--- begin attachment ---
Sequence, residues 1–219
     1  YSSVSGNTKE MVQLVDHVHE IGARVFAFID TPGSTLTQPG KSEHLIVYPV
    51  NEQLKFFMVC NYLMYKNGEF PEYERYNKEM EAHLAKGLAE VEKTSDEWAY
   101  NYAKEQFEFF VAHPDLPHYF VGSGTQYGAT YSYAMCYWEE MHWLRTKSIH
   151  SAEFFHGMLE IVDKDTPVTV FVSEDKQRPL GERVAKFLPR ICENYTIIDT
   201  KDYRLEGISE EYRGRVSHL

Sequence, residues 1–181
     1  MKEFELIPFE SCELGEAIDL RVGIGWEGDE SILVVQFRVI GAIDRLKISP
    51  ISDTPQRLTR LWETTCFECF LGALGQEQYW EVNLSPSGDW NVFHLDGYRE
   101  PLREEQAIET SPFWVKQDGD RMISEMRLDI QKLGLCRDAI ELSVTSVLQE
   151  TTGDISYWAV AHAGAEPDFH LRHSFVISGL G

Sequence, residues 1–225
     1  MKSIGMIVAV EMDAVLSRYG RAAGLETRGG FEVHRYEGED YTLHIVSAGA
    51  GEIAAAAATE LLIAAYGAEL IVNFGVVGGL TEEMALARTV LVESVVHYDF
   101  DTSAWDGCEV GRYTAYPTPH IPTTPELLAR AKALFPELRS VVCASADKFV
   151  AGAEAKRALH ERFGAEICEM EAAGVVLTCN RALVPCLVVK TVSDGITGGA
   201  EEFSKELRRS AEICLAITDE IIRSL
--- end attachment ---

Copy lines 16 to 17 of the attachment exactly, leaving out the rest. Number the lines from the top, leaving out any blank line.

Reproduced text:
   151  AGAEAKRALH ERFGAEICEM EAAGVVLTCN RALVPCLVVK TVSDGITGGA
   201  EEFSKELRRS AEICLAITDE IIRSL